After enjoying one of the smoothest imaginable draws in Monte Carlo, Nadal now must tackle one of the most difficult paths imaginable in order to capture his fifth Rome title, which would tie him with Agassi for the Masters 1000 record. Just to reach the final, he likely will be forced to overcome Soderling and Federer, the two players who defeated him on his favorite surface last year. Should he secure this tournament, however, the victory would resonate throughout the tennis world even more powerfully than did the Monte Carlo triumph, which carried a slight asterisk considering the number of marquee absences. There will be no asterisk this week. Can the Mallorcan bull trample the most skilled matadors in the ATP? Quarter-by-quarter preview straight ahead!
First quarter: We’d almost forgotten about Federer, who has played just five total matches since the Australian Open while recovering from a lung infection. He’ll need to set his clay-court wheels in motion immediately against either Gulbis or his recent conquerer Baghdatis, but his ease on the grit should see him through to the quarters rather comfortably. On the other side, we wouldn’t be surprised to see the flamboyant Almagro inflict some damage on two Croats who would prefer to play on any other surface, perhaps even the moon. A third-round clash between Cilic and Ljubicic would intriguingly sketch the past and the present of Croatian tennis. (Or is it the present and the future, judging from their recent results?) We wouldn’t be surprised to see Almagro spoil their rendezvous, though; his clay expertise could carry him all the way to the quarters…but no further.
Second quarter: How odd is it to see Nadal’s name embedded unobtrusively in the center of a draw rather than looming over the top or anchoring the bottom? Rafa will want to conserve energy in his first two rounds, perhaps against Kohlschreiber and Andreev, before the thunderbolts start descending from a familiar Swedish mountaintop. It’s not a certainty that Soderling will reach the quarters, since either Berdych or Wawrinka will strive to intercept him. Yet the Swede has a distinct edge in the ball-bruising contest that would unfold against either the Czech or the Swiss, and last week in Barcelona he showed no lingering complications from a knee injury. Over the past year, Soderling’s game has become increasingly bullet-proof, but will it be bull-proof again? Look for the extra-slow surface to aid Nadal more than his memories hamper him.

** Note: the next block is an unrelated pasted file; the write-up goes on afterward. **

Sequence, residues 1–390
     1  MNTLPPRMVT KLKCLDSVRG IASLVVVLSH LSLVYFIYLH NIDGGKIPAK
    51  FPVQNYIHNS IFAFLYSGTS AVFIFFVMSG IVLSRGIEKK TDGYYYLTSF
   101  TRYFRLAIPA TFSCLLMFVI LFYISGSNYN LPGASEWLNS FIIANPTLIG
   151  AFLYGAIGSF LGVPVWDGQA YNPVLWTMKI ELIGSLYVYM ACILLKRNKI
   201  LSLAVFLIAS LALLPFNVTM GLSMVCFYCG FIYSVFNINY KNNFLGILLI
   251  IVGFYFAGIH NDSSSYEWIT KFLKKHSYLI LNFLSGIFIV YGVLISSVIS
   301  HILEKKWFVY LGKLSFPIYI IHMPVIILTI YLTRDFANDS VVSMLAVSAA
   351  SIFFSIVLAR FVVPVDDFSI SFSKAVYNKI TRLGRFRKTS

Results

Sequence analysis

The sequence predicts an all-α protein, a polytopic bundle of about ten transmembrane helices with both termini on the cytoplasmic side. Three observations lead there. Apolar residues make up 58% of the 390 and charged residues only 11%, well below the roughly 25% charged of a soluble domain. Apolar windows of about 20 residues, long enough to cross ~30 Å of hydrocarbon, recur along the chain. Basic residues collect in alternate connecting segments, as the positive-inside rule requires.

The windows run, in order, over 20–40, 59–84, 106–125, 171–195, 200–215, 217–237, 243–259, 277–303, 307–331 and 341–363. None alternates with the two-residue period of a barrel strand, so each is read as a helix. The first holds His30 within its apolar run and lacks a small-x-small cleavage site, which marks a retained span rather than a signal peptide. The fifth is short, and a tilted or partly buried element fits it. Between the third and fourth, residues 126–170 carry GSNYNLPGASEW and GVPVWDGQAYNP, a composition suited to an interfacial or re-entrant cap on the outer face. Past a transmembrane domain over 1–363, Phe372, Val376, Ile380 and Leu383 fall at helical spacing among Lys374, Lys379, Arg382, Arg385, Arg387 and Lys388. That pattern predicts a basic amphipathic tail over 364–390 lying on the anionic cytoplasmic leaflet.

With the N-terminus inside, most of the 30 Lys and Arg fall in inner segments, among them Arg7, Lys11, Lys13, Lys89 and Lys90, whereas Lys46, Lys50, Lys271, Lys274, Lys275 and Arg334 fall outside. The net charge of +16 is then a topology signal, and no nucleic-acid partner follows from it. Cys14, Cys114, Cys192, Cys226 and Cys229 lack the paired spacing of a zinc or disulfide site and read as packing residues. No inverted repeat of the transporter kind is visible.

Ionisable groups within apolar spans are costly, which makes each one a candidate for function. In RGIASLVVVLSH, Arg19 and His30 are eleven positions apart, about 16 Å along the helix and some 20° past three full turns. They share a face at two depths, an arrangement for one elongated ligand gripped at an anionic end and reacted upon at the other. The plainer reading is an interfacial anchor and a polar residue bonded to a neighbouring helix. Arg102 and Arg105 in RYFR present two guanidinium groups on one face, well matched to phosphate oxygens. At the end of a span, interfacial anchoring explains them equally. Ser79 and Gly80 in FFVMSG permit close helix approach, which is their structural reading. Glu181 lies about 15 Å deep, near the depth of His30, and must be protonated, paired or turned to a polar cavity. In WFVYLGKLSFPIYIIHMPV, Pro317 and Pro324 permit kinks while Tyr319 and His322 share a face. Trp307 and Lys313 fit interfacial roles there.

Third quarter: We’re quite confident that the champion won’t emerge from this nondescript neighborhood. Neither Tsonga nor Murray can be expected to reach their projected collision on Friday, considering their shared discomfort on clay. If Murray doesn’t suffer a fourth consecutive loss in his opener, Ferrerprobably will halt his winning streak at one in the third round. Meanwhile, the age-defying Ferrero should repeat his upset of Tsonga from Monte Carlo, considering that the surface generally plays even more slowly here. That fact will aid Ferrer’s counterpunching game in an all-Spanish quarterfinal that should offer a clay-court clinic par excellence. Only one of the eight Ferrer-Ferrero duels has concluded in straight sets, so expect a gritty, grueling war of attrition built upon marathon rallies and superb court coverage. And expect the diminutive David to ultimately grunt and grit his way past a stylish but not overwhelmingly powerful opponent.
Fourth quarter: Riding the momentum of his Barcelona title, Verdasco has little to fear from his first two opponents, since he’s far more comfortable on this surface than potential foes such as Hewitt or Youzhny. On the other side, Djokovic should comfortably dispatch the still-unreliable Chardy en route to a scintillating third-round encounter with Isner, who threatened him much more than one would have expected during the Davis Cup tie in Belgrade. If the Serb’s serve wobbles as precariously as it has in recent weeks, this match could produce some nervous moments for his fans, but the American doesn’t seem quite ready to topple a top seed. Consequently, we expect the two bookends of this quarter to reprise their semifinal meeting in Monte Carlo, captured resoundingly by the Spaniard. He’ll have won 12 of his last 13 matches at that stage (with the one loss against Nadal), so he’ll have the confidence edge in this battle of fragile psyches.
Semifinals: Nadal d. Federer, Verdasco d. Ferrer. Rafa has much more to prove at this stage than does Roger, who has vanquished him on dirt only at Hamburg and Madrid–the least sluggish of all clay courts. Although Ferrer can trouble Verdasco in his less consistent patches, the stronger Spaniard has been connecting with his best shots at timely moments lately.
Final: Nadal d. Verdasco. When there’s an 10-0 head-to-head between two players, you have to stick with the winner until the loser proves you wrong.
We’ll be back tomorrow with a preview of the WTA Stuttgart draw, which features stunning first rounds such as Azarenka-Pennetta, Bartoli-Stosur, Wickmayer-Schiavone, and Radwanska-Ivanovic.